Reading Between the Lines

I sat in the courtyard at the School of Education with my two best friends from graduate school on either side of me, the three of us waiting patiently for our program to be called up to receive our degrees. I kept telling my friend Gillian that I wouldn’t believe I had completed all the requirements for my degree until I had the piece of paper in my hands. Then my name was called, I shook hands with the dean, hugged my professors, and sat back down. The deed was done; the degree was conferred.

Walking to the School of Education with my cohort to receive our degrees

Walking to the School of Education with my cohort to receive our degrees

And now I sit here again looking at my master’s degree, realizing that this piece of paper is supposed to represent the culmination of my graduate school experience, and also realizing that the piece of paper is inadequate in that way. It doesn’t describe reading sundry books or writing papers, working at different jobs, talking with supervisors and professors and friends, or sitting through different classes. The degree tells you what you earned, but it doesn’t explain how it happened.

I have to learn to read between the lines of my diploma because it can’t possibly have room to explain all that happened. The degree is sort of like a plane ticket. A plane ticket doesn’t tell you what happened, but it tells you where you’ve come from and where you’re headed. Of course, my diploma doesn’t list my next destination, but it does denote that I am ready for the next step because I need to have a master’s degree for my next job.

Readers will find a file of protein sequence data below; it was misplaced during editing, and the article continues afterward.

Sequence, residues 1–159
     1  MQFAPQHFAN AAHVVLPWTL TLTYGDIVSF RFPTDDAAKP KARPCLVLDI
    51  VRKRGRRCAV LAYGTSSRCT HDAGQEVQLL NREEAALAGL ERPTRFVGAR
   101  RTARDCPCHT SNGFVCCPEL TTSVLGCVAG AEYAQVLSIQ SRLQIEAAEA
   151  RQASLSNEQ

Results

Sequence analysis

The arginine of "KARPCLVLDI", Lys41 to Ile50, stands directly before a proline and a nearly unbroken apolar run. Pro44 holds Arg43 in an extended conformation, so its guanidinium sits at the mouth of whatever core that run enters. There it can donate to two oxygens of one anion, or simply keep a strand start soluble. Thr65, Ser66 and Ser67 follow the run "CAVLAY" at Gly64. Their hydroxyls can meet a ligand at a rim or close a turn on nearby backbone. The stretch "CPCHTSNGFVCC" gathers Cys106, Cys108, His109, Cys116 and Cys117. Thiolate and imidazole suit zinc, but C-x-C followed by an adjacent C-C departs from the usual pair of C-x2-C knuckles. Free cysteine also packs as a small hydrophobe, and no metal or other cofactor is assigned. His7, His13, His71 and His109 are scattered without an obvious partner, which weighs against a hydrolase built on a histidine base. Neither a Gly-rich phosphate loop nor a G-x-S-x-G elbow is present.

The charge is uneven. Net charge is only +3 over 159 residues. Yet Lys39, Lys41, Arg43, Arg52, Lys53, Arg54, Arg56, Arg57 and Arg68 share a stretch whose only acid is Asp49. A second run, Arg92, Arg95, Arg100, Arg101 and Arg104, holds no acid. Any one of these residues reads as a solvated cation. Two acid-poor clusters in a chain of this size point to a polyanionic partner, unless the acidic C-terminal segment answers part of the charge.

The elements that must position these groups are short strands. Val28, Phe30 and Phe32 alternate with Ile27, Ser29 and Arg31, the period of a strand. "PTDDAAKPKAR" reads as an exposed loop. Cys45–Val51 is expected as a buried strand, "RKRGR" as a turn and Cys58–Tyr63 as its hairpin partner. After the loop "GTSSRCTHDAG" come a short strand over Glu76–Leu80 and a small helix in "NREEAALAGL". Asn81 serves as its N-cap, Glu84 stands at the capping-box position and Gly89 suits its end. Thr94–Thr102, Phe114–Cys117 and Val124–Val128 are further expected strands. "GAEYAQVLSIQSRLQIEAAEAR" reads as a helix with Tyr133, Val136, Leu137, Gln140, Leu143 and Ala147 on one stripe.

Right now, I’m still processing that the next step for me does not involve living in Williamsburg or being a student, as it has the past few years. Yet as I flip back through the pages of my journal, which aren’t as filled as I wish they were, I remember that I am ready for what’s next – not necessarily because of the moment in which my degree was conferred but because of all the small, beautiful moments of growth that occurred beforehand. These moments show that, like Henry David Thoreau, I tried to “suck out all the marrow of life” at William & Mary. Now, it’s on to the next adventure.

Categories: Academics, Alumni Blogs, Commencement, Student Blogs, Traditions & Events Tags: ,
1 Comment
  1. Eshika Roy

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